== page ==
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Disk Structure and Evolution (the so-called model of disk viscosity) Ge/Ay 133.

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Presentation on theme: "Disk Structure and Evolution (the so-called model of disk viscosity) Ge/Ay 133."— Presentation transcript:

1 Disk Structure and Evolution (the so-called model of disk viscosity) Ge/Ay 133

2 Recapitulation of passive disk structure equations. I. and mass surface density,, where the in the equation above right is taken to mean the density at the disk midplane. Equation for hydrostatic equilibrium using only stellar gravity. For an ideal gas where c is the sound speed (c 2 = RT). Solving yields the scale height, H,

3 Recapitulation of passive disk structure equations. II. In the previous analysis we did not consider that there is a radial pressure gradient, which exerts an acceleration since pressure = force/unit area. Thus, a(pressure)= dPA/m=dPA/ Adr. Balancing gravity, centripetal acceleration, and pressure gives: A dr F=PA Thus, the gas in passive disks moves at slightly sub-Keplerian speeds.

4 CO Can only see Keplerian v M. Simon et al. 2001, PdBI The CO line shape is sensitive to R disk, M star,, Inc.; but the pressure support is highly sub- Keplerian & similar to v doppler in the outer disk. Dent et al. 2005, JCMT v LSR (km/s) T MB (K)

5 What do other obs. tell us? Radial structure of the MMSN: Mass surface density varies as r -3/2 in this model, what do aperture synthesis observations of circumstellar disks have to say?

6 Mm-interferometry observations of disks. I. Overview If you ASSUME the temperature and mass surface density vary as power laws of radius, and that the mass opacity coefficient varies as a power of the frequency, analytical fits to resolved mm-wave aperture synthesis data can directly constrain the exponents. Andrews & Williams 2007, ApJ 659, 705

7 Mass surface density seems flatter than that from the MMSN, while the temperature distribution (at the midplane) is intermediate between that expected for flat and flared disks. Dust growth and settling? The mass surface density is highly uncertain, both due to materials properties and the unconstrained gas:dust ratio. Andrews & Williams 2007, ApJ 659, 705 Mm-interferometry observations of disks. II. Statistical Results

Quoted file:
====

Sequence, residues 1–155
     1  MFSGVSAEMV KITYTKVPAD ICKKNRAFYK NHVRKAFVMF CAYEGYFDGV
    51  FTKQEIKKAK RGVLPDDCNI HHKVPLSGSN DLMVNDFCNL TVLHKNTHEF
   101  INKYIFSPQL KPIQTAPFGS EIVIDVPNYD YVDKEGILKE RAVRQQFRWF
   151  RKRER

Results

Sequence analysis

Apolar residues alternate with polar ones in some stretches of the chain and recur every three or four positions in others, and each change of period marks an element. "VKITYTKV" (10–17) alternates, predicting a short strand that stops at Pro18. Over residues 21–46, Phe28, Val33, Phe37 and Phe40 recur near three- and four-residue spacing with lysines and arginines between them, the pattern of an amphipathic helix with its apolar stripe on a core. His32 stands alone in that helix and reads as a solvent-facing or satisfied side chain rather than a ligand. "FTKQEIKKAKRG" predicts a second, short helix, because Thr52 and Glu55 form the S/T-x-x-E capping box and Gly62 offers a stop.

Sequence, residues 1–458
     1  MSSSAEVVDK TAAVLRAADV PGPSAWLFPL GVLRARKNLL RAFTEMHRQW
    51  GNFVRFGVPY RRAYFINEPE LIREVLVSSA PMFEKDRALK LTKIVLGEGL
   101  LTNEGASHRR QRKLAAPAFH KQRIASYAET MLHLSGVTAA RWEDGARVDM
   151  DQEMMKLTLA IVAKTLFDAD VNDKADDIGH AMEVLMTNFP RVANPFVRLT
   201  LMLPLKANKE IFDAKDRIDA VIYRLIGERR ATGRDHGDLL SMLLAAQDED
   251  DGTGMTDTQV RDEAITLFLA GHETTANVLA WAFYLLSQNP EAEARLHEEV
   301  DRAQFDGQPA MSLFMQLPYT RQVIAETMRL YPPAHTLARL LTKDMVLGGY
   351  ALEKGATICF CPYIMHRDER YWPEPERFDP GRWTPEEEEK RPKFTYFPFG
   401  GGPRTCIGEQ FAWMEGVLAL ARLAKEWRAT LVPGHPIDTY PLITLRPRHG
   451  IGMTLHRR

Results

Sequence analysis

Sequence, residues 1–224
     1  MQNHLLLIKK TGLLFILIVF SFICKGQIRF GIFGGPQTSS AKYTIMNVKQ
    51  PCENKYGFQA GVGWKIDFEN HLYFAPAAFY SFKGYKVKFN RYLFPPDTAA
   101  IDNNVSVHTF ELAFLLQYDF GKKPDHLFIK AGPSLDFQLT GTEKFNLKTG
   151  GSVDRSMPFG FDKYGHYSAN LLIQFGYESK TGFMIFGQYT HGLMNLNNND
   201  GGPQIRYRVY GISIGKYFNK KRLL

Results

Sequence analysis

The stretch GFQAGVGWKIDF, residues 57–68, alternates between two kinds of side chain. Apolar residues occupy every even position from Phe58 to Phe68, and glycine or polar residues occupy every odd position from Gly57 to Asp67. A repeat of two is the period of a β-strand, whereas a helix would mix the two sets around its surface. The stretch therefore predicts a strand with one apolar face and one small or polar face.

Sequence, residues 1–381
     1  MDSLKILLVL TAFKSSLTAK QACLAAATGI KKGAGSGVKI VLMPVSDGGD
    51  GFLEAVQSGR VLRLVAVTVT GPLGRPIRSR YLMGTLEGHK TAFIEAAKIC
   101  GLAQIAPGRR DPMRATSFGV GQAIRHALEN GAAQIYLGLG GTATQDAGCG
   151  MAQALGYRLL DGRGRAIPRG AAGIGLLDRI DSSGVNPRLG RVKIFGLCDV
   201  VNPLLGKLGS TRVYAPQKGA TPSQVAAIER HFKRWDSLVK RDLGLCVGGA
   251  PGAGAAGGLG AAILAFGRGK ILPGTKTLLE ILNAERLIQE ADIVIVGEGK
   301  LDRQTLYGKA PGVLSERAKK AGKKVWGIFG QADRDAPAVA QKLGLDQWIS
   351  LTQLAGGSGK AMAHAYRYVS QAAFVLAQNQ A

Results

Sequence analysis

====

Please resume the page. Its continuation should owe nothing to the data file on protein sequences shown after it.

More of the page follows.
8 What is viscosity? x y For Newtonian fluids, the shear stress,, is u/ y) and where is the dynamic viscosity, is the kinematic viscosity and is the density Units? m 2 /s or cm 2 /s (CGS= 1 Stokes), that is, a velocity × a length scale. In turbulent fluids, the transport of heat and energy is NOT driven by molecular viscosity, but by eddies. For example, for water: H 2 O (1) ~ Pa-s (dynamic viscosity) Ocean ~ 10 7 Pa-s (from transport) Similarly, in circumstellar disks the molecular gas viscosity is many orders of magnitude too small to account for the observed transport, some other means of generating viscosity must be found. Velocity, u Imagine applying a linear stress field to a fluid (by placing it between a rotating and fixed plate, for example):

9 Viscous Disks x y In circumstellar disks the molecular gas viscosity is many orders of magnitude too small to account for the observed transport, some other means of generating viscosity must be found. What, roughly, is required in a turbulent model? Time scale ~ 10 5 – 10 6 years at a few tens of AU n ~ cm 2 /s Plausibly, n~v convection L ~ 10 4 cm/s L or L(eddy) ~ cm etc. Source of this viscosity? Opacity from dust? Can work in special circumstances if k is temperature dependent. Most popular culprit is magnetic fields via the Balbus- Hawley instability (more later when we look into planet migration). For this to work the disk must be partially ionized. Velocity, u If viscosity is characterized as velocity × a length scale then the time scale for a fluid to respond should be

10 The so-called alpha disk model: Assume that the sound speed characterizes the velocity associated with the viscosity and the gas scale height the length scale, multiplied by a dimensionless parameter. Values of a near are needed to fit the observables (more in just a bit). What does this imply about the radial structure of such disks, and do these properties correlate with the fits derived from mm-interferometry?

11 Radial evolution of a constant disk: Solving the eq. for yields a characteristic time t s, where R 1 is the location at which 40% of the mass lies inside R 1. Gas within R t moves inward. Does R make sense? Note that the fractional ionization by cosmic rays goes like n -1/2, where n=gas density, and so goes up with R! This should help drive the Balbus- Hawley instability. Hartmann et al. 1998, ApJ 495, 385 Time evolution of the mass surface density subjected to a point mass M. The alpha model requires that the viscosity be a power law function of radius (for constant ).

12 Evolution of MMSN (gas) under viscous dissipation:

13 Do disks correspond to observations? I. The SED and mass surface density profiles for INDIVIDUAL disks can certainly be well fit with the a disk model. However, when statistical samples of disks are studied, the scatter is large! Andrews & Williams 2007, ApJ 659, 705 Isella et al. (2009)

14 Do disks correspond to observations? II. The expected trends are likely present, but clearly the actual situation is far more complex than a constant model predicts. Nevertheless, since we have no analytical physics-based models of disk transport, it is difficult to determine what sort of (R,z, t) is appropriate. Andrews & Williams 2007, ApJ 659, 705 What about the dust evolution? Well start looking into this next time…


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